Wells Fargo has joined the no-debit-card-perks posse. The San Francisco bank says it will stop offering debit card reward programs to new customers, and says no decision has been made about current customers.
Chase did the same a few weeks ago, as did US Bank and PNC.
The banks are blaming the decision on the Dodd-Frank financial services overhaul that limits the transaction fees banks can charge merchants for processing debit-card sales.
"Government price controls … make no sense. They distort our market-based, free-enterprise economy," Wells Fargo Chief Executive John Stumpf said in his annual shareholder letter posted on the bank's website earlier this month.
“What’s next?” Stumpf wrote. “Will the government require car dealers to sell a new vehicle for $5,000 or grocers a gallon of milk for 50 cents?
The Federal Reserve has drafted a proposed rule to implement the restriction. It would cap the interchange fee at 12 cents, a 75 percent drop from its current level.
The proposal followed years of complaints by merchants and consumer advocates who said the fees amounted to a hidden tax on consumers but there have been second thoughts about the measure from, among others, the Consumer Federation of America.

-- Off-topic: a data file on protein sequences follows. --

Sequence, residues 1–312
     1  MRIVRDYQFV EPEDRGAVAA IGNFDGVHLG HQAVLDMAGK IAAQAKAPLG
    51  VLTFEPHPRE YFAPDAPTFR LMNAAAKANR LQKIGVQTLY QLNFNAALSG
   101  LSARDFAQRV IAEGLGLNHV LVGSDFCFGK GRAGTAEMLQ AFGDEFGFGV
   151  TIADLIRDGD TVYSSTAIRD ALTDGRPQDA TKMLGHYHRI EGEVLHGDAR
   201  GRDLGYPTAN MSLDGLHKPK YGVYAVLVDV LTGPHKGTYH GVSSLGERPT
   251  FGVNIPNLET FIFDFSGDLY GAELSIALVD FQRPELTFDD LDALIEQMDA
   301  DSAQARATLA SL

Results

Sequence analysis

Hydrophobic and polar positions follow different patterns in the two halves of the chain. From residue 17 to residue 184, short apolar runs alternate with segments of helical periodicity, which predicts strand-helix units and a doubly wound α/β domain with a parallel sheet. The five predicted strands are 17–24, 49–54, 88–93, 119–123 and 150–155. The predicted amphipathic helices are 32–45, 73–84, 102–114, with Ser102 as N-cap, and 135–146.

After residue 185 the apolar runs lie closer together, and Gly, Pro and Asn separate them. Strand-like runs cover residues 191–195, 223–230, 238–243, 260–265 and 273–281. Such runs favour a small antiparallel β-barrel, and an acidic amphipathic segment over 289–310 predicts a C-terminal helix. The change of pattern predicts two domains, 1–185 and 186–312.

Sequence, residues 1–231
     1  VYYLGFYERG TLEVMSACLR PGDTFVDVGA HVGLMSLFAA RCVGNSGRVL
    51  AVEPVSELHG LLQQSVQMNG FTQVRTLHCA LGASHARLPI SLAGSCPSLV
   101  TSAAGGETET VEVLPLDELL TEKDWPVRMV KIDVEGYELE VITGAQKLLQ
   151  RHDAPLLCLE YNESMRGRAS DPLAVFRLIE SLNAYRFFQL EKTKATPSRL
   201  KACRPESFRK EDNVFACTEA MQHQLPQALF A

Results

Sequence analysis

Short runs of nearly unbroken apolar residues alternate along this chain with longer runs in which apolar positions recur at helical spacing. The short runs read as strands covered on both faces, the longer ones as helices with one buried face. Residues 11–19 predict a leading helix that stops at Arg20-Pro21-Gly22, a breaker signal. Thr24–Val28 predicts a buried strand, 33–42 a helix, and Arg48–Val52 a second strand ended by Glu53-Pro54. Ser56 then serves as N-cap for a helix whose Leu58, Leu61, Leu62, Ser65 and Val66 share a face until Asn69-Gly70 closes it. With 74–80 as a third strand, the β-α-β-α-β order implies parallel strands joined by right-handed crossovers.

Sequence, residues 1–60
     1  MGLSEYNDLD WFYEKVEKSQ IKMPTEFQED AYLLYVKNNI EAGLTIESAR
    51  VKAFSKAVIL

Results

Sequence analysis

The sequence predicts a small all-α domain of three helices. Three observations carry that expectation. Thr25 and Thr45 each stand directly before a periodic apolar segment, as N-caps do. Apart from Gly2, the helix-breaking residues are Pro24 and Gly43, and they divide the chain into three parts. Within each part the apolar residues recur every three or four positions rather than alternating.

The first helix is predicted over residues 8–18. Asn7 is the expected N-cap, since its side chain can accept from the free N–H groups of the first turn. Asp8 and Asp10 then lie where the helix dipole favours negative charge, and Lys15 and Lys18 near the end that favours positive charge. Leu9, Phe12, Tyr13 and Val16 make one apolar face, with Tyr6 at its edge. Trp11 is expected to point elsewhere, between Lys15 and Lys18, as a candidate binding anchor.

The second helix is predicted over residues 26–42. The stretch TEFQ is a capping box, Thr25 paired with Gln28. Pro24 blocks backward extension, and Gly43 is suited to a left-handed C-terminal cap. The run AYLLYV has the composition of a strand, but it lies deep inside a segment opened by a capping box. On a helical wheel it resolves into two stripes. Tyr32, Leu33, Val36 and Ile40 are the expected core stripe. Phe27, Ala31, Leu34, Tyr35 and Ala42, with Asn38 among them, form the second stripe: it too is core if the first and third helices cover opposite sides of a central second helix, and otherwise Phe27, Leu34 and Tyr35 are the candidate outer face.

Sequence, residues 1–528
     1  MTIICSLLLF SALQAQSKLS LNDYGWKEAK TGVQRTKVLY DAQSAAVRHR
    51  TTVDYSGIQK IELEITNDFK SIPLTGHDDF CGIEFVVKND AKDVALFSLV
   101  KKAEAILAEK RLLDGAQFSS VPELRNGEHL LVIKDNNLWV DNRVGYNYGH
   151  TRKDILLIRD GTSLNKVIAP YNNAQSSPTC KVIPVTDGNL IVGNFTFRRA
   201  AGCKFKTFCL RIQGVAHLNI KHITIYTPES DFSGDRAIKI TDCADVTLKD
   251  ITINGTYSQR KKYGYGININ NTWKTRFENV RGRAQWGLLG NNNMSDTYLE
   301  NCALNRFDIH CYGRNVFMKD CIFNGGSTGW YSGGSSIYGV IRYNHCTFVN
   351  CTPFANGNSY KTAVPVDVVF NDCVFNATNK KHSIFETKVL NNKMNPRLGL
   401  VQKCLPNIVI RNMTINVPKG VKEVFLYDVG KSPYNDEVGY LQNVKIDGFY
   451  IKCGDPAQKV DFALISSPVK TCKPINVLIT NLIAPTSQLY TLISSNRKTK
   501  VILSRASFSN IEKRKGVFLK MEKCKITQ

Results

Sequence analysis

The CFA, while saying it “strongly endorses the intent of the statute,” echoes some of the objections being raised by banks.
”[The rule's] implementation could have a very significant impact on consumers who use debit cards or participate in the banking system, as well as the many who do not,” said Travis Plunkett, the CFA's legislative director.
Banks have also found allies in Congress, where they traditionally find about as many friends as they need. Sen. Jon Tester (D-Mont.) has introduced a bill that would suspend implementation of the fee pending a two-year study.
Tester said he and his bipartisan group of supporters aren't doing this as a favor to banks. He said he's afraid the measure will wind up hurting consumers, as banks pile fees on top of frees to make up for the fees they lose from debit cards.